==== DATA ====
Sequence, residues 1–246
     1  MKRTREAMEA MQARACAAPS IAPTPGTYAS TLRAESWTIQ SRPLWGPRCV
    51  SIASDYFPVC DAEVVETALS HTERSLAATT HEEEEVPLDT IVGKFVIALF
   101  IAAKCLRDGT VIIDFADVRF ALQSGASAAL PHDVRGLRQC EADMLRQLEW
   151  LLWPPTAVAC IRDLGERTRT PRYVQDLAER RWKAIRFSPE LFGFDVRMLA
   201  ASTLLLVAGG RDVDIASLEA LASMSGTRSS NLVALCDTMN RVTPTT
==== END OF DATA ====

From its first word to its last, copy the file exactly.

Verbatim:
Sequence, residues 1–246
     1  MKRTREAMEA MQARACAAPS IAPTPGTYAS TLRAESWTIQ SRPLWGPRCV
    51  SIASDYFPVC DAEVVETALS HTERSLAATT HEEEEVPLDT IVGKFVIALF
   101  IAAKCLRDGT VIIDFADVRF ALQSGASAAL PHDVRGLRQC EADMLRQLEW
   151  LLWPPTAVAC IRDLGERTRT PRYVQDLAER RWKAIRFSPE LFGFDVRMLA
   201  ASTLLLVAGG RDVDIASLEA LASMSGTRSS NLVALCDTMN RVTPTT